Basically, since April, May and I have been committed to our weekly jump lessons. If I am in the state, I am at the barn on Tuesday nights. There are some things that don’t make it into my blog posts a lot. Like all the times that I asked Mandy to make an oxer smaller or hesitated before a course.

The modifications that happened to ensure that I could give my horse the ride she deserved. Like making this small-ish oxer EVEN SMALLER to that I would ride forward to it.

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yes. I had to put the front rail of this oxer down.

In fact, this felt scary, and you can see me PLANTING my  hands on my neck strap because that was as much as I could get myself to do.

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But I kept showing up. I kept doing my homework. I kept working to rewire my brain. A few months later, and we have the photo above.

And then, we had this;

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Then this….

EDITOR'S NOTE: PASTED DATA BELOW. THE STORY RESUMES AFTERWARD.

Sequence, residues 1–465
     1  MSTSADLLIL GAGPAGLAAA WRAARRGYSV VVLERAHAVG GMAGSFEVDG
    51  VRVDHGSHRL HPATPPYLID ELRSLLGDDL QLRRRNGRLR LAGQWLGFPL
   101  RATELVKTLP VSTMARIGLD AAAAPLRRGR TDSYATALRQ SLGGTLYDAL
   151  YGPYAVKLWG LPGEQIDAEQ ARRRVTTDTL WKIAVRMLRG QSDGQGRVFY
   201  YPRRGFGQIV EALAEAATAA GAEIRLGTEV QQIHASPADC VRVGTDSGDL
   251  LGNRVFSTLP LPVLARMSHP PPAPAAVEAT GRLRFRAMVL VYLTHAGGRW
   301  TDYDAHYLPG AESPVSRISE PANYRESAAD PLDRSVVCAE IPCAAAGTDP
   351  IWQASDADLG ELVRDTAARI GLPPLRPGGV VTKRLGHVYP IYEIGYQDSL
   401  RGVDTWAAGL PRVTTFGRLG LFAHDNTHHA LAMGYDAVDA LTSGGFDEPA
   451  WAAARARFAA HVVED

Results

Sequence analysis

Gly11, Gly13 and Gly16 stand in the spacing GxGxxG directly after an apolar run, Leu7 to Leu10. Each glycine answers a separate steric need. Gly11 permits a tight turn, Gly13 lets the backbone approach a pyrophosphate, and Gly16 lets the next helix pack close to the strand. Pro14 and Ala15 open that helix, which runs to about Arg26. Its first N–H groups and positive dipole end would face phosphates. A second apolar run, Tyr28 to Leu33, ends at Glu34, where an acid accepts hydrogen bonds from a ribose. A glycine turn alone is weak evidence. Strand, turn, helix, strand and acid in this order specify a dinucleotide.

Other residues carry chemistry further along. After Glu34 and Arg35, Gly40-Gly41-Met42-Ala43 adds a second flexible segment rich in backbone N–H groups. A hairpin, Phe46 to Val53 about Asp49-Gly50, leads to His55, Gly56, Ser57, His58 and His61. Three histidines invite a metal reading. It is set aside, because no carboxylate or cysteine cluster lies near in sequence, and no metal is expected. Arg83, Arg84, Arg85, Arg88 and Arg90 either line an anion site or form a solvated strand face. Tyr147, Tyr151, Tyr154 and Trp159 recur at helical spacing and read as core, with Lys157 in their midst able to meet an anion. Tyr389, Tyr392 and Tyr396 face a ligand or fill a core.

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And then we had this:

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Fear and anxiety are still there. Every. Ride. But it gets better with every good ride I get under my belt. It gets better as Mandy keeps filling my toolbox and confidence bucket, ride after ride.

Would it be great to come home with some satin from Team Challenge? Hell yes. Does it really matter? No. Not really. What really matters are these videos above. The changes in my riding AND in my horse for the better. I can confidently say that the hours leading up to October 19th and 20th are worth WAY MORE to me than the results of this singular show.

Sometimes – We Spicy

May was FEELING her oats at our lesson this week. She’s been in pretty solid work lately, so I wonder if the other saddle really was causing her to suck back a bit. Either way, it made for an interesting jump lesson.

We started with a baby gymnastic. Short turn, three poles, vertical. Now if you all remember, this short turn is basically my nemesis. May is…. not a sports car and keeping impulsion, balance, and power steering is a forever kind of struggle. However, we got it going pretty well, and it really got her tuned into my outside aids. (you know… almost like it was built to do exactly that….)